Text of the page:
Buck Bond Group
Autumn Budget 2021

Autumn Budget 2021

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Volume 2021 | Issue 37

Download this FYI as a printable PDF

The Chancellor has unveiled his latest Budget, and the first to actually take place in the autumn as scheduled since the General Election.

There was noticeably less speculation about possible changes to pensions and other employee benefits than in the recent past, and thankfully it has proved to be a fairly quiet Budget for pensions.

A resolution to the net pay problem

There is no single way of applying tax relief across all pension schemes. Occupational pension schemes generally use net pay arrangements, while personal pensions normally use relief at source, with most members able to receive tax relief on their contributions. Unfortunately, due to the way that net pay arrangements operate, non-tax payers don’t receive tax relief, whereas those in pension schemes that operate relief at source do.

The Treasury has previously issued a call for evidence on plans to resolve this disparity, and it has now published its response which confirms that the government will resolve the anomaly by introducing a system to make annual top-up payments directly to low-earning members in schemes using net pay arrangement from 2024/25 onwards, with the first of these top-ups being paid in 2025/26. The full detail on how this system will work is still awaited.

A further consultation on the charge cap

In April 2015, the government introduced a charge cap of 0.75% of funds under management (or an equivalent combination charge) in respect of the default arrangements of defined contribution workplace pension schemes used for automatic enrolment. The charge cap has been kept under regular review since then.

The Treasury has now announced that it will consult before the end of this year on further changes to the charge cap to enable members to benefit from better growth in their long-term investments. The consultation will specifically consider amendments to the scope of the cap to better accommodate well-designed performance fees and enable investments into the UK’s most productive assets, while continuing to protect savers.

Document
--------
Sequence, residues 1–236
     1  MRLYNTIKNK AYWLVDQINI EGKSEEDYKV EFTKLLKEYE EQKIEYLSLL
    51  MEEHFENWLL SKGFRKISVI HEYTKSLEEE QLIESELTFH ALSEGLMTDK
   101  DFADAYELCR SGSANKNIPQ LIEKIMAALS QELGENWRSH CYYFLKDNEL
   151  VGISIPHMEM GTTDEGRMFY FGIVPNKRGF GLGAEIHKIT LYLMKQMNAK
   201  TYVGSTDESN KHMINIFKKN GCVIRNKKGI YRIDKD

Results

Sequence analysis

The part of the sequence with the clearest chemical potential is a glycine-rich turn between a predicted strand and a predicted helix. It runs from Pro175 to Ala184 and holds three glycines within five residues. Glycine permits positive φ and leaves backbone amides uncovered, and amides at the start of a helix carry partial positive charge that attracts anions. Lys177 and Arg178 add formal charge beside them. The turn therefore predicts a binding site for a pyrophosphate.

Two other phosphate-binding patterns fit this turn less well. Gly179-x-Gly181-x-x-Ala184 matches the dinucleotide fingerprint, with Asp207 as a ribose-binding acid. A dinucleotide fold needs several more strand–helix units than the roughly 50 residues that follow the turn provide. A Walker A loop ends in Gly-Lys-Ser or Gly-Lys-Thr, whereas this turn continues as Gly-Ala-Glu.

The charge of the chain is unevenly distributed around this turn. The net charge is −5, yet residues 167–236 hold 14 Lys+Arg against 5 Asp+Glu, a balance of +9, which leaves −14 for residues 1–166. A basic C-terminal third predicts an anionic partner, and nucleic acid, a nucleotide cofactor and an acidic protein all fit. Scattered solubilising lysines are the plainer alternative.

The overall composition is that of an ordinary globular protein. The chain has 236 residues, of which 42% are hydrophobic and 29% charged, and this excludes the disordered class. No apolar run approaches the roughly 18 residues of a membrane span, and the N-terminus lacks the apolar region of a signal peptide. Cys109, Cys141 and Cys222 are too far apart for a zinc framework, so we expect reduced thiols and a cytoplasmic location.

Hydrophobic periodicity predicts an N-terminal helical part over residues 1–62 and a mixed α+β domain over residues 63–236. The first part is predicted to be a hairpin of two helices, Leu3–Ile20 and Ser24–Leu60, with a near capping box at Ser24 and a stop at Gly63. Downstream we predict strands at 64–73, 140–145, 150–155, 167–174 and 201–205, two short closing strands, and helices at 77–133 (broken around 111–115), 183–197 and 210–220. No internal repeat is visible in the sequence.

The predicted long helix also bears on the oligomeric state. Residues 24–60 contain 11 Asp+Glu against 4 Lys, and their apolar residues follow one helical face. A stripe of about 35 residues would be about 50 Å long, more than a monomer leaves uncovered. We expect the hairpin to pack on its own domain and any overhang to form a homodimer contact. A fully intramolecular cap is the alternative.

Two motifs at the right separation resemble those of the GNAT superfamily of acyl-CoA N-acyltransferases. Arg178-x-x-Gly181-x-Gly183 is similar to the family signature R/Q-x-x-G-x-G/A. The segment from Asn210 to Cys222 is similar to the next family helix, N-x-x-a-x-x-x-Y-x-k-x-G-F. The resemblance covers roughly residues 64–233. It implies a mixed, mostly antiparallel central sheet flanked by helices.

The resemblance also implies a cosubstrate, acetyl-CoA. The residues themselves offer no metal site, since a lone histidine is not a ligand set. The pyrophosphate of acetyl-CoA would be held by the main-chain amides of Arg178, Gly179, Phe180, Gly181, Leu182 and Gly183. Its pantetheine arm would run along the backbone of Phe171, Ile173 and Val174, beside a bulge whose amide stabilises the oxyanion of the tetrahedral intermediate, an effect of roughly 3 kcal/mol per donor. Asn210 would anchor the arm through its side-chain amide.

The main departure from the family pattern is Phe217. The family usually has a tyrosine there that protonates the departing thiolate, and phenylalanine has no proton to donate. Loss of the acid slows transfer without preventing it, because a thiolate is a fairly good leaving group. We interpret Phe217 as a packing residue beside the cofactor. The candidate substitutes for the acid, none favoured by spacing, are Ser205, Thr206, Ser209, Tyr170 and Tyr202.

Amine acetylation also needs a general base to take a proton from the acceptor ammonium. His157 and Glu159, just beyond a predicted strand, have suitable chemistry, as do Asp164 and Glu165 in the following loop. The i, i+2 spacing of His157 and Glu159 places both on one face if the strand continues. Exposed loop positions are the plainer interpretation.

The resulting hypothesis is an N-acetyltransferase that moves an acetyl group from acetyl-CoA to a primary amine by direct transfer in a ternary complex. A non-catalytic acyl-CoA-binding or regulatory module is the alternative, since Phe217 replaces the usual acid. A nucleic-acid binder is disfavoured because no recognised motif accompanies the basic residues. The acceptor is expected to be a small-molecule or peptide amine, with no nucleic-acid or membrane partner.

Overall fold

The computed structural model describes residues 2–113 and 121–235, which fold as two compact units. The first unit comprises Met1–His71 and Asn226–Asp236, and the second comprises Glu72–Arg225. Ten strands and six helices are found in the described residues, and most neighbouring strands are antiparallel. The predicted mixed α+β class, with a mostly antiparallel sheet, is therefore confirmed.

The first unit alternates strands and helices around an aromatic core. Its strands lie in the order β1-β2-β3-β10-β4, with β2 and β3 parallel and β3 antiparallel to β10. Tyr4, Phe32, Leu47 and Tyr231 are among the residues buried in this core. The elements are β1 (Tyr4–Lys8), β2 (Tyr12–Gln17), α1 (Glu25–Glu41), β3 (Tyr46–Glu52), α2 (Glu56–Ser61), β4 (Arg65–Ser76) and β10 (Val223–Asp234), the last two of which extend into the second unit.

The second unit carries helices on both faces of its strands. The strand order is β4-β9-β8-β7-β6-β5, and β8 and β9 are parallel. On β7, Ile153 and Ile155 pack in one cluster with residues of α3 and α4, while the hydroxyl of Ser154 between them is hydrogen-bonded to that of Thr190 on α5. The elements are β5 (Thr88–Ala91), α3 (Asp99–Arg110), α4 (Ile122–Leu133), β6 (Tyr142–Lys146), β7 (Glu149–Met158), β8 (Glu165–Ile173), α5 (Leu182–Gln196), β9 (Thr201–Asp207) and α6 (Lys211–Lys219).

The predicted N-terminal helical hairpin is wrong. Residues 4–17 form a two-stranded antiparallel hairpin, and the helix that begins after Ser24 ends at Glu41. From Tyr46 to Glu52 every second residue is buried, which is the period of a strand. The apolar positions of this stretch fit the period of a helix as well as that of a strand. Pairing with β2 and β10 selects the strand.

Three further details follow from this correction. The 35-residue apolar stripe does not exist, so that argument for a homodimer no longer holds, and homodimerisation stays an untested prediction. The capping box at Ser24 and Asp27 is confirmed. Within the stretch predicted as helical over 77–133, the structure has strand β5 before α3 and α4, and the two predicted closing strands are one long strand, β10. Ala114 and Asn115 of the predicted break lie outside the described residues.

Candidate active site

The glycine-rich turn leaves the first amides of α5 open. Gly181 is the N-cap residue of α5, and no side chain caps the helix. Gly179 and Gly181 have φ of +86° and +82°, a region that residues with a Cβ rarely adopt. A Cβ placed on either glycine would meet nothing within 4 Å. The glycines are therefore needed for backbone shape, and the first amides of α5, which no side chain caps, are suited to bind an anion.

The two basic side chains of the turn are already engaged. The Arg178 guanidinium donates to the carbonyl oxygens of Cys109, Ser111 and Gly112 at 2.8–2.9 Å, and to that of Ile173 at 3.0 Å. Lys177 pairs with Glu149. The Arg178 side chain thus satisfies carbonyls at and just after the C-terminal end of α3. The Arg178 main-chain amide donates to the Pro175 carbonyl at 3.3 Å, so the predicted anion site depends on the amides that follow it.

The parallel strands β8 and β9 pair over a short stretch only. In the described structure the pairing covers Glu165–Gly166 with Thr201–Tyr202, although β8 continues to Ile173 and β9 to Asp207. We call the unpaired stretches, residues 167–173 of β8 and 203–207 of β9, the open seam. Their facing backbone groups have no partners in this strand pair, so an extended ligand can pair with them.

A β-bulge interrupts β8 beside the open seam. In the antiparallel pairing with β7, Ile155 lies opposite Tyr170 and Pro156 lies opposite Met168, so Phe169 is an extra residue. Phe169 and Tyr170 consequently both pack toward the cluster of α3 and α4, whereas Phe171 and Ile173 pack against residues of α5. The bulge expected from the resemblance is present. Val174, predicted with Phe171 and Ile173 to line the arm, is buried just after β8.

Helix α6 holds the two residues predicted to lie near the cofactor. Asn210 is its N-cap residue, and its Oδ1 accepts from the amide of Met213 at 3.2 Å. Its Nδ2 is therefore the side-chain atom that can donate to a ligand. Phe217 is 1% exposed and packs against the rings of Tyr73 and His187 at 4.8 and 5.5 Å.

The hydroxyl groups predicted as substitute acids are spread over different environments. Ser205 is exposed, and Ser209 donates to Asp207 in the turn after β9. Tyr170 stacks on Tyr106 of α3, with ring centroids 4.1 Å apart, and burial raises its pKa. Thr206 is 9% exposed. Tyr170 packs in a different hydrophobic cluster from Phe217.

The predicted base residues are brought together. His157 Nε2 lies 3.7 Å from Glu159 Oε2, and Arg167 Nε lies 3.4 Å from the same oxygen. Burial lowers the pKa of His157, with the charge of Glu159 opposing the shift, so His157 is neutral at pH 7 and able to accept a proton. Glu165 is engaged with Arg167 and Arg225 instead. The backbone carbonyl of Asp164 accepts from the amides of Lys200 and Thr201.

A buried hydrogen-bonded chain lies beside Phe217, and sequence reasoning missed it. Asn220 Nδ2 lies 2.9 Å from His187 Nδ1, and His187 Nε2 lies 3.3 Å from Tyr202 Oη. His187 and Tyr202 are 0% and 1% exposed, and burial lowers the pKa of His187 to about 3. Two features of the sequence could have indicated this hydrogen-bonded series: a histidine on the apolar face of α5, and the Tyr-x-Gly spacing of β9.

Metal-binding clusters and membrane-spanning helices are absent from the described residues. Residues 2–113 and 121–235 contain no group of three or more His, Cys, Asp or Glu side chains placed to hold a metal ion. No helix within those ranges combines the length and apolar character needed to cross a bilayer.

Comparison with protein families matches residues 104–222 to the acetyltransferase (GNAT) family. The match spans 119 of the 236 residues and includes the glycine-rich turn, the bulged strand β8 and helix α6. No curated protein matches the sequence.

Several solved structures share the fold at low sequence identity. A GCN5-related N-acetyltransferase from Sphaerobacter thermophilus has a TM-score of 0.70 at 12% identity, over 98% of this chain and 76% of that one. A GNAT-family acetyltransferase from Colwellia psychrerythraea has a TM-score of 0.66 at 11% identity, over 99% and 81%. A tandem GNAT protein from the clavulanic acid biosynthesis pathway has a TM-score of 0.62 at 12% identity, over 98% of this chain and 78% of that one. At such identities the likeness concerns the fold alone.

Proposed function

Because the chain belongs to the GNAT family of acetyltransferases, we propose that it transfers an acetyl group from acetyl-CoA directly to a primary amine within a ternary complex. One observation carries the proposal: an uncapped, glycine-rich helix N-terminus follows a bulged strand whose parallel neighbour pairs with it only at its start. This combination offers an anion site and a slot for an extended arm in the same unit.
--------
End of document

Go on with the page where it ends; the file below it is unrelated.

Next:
This signals a continuation in the government’s drive to open pension scheme investment up to more illiquid investments, a feature of several recent Budgets.

Scheme pays changes

Where a member has an annual allowance charge over £2,000 and their pension input amount for that scheme exceed £40,000, they can ask their pension scheme to pay the charge for them, in return for an actuarial equivalent reduction in the value of their pension savings. This is known as scheme pays.

Although not mentioned by the Chancellor, HMRC published a policy paper on Budget day which confirms the government is planning to introduce legislation on changes to scheme pays to allow members to use the facility for the previous six tax years where their tax charge has changed due to a retrospective change of facts, and when the scheme administrator must report and pay the annual allowance charge to HMRC.

Buck comment

The fact that the Chancellor has resisted any temptation to impose more change on the pensions industry should be welcomed. The changes announced seem either uncontroversial or expected.

While changes in pensions taxation shouldn’t necessarily be viewed negatively, all too often in recent years changes have seemingly been announced for short-term political gain, without any apparent consideration of the longer-term impacts on pension schemes, members, or sponsors.

The solution to the net pay problem is interesting as the Treasury appears to have had a change of heart. The option chosen is a variation of one that the government hadn’t previously been minded to take forward. It’s possible that responses to the call for evidence may have prompted a rethink.

The continued drive to encourage more illiquid investment by pension schemes is understandable from the government’s perspective, but we shouldn’t lose sight of the fact that, firstly, this needs to be in the best of interests of members, rather than to help the economy recover from the pandemic.